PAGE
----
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Government Accountability Office
US-GovernmentAccountabilityOffice-Seal.svg
US-GovernmentAccountabilityOffice-Logo.svg
Agency overview
Formed July 1, 1921
Headquarters 441 G St., NW
Washington, D.C. 20548
Employees 3,100
Annual budget $489 million (2007)
Agency executive Gene Dodaro, Comptroller General of the United States (interim)
Website
gao.gov

The Government Accountability Office (GAO) is the audit, evaluation, and investigative arm of the United States Congress. It is located in the legislative branch of the United States government.

The GAO was established as the General Accounting Office by the Budget and Accounting Act of 1921 (Pub.L. 67-13, 42 Stat. 20, June 10, 1921). 1921 Act This Act required the head of GAO to "investigate, at the seat of government or elsewhere, all matters relating to the receipt, disbursement, and application of public funds, and shall make to the President...and to Congress...reports (and) recommendations looking to greater economy or efficiency in public expenditures" (Sec. 312(a), 42 Stat. 25). According to GAO's current mission statement, the agency exists to support the Congress in meeting its constitutional responsibilities and to help improve the performance and ensure the accountability of the federal government for the benefit of the American people. The name was changed in 2004 to better reflect the mission of the office.[1] While most other countries have government entities similar to the GAO, their focus is primarily on conducting financial audits. The GAO's auditors conduct not only financial audits, but also engage in a wide assortment of performance audits.

The GAO is headed by the Comptroller General of the United States, a professional and non-partisan position in the U.S. government. The Comptroller General is appointed by the President, by and with the advice and consent of the Senate, for a 15-year, non-renewable term. The President selects a nominee from a list of at least three individuals recommended by an eight member bipartisan, bicameral commission of congressional leaders. The Comptroller General may not be removed by the President, but only by Congress through impeachment or joint resolution for specific reasons.[2] Since 1921, there have been only seven Comptrollers General, and no formal attempt has ever been made to remove a Comptroller General. The long tenure of the Comptroller General and the manner of appointment and removal gives GAO a continuity of leadership and independence that is rare within government.[citation needed]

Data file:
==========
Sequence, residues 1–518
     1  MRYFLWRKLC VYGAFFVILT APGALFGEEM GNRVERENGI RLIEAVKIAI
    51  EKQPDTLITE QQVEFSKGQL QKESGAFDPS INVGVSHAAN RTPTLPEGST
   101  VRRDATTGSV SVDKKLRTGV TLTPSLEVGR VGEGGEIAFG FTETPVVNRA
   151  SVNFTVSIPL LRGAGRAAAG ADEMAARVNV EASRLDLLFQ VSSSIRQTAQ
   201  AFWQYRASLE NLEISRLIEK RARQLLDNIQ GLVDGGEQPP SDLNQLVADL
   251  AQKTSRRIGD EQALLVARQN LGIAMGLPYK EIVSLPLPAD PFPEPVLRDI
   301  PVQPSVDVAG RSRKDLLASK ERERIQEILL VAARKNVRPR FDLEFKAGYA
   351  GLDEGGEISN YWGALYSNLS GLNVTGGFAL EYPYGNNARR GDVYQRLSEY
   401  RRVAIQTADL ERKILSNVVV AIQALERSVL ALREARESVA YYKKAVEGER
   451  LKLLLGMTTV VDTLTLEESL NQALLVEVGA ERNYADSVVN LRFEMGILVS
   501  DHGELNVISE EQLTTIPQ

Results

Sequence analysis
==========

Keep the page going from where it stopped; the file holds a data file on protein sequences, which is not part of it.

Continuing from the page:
Contents

History

From the organization's founding in June 1921, when it was designated as a government establishment independent of the executive branch, until July 2004, GAO was an abbreviation for General Accounting Office. The current name was established as part of the GAO Human Capital Reform Act (Pub.L. 108-271, July 7, 2004).

Over the years, GAO has been referred to as "The Congressional Watchdog" and "The Taxpayers' Best Friend" for its frequent audits and investigative reports that have uncovered waste and inefficiency in government. The news, media, television, electronically-based news sources, and print, often draw attention to GAO's work by doing stories on the findings, conclusions, and/or recommendations in GAO reports. In addition, Members of Congress frequently cite GAO's work in statements to the press, congressional hearings, and floor debates on proposed legislation. In 2007 the Partnership for Public Service ranked GAO second on its list of the best places to work in the federal government and Washingtonian magazine included GAO on its 2007 list of great places to work in Washington, a list that encompasses the public, private, and non-profit sectors.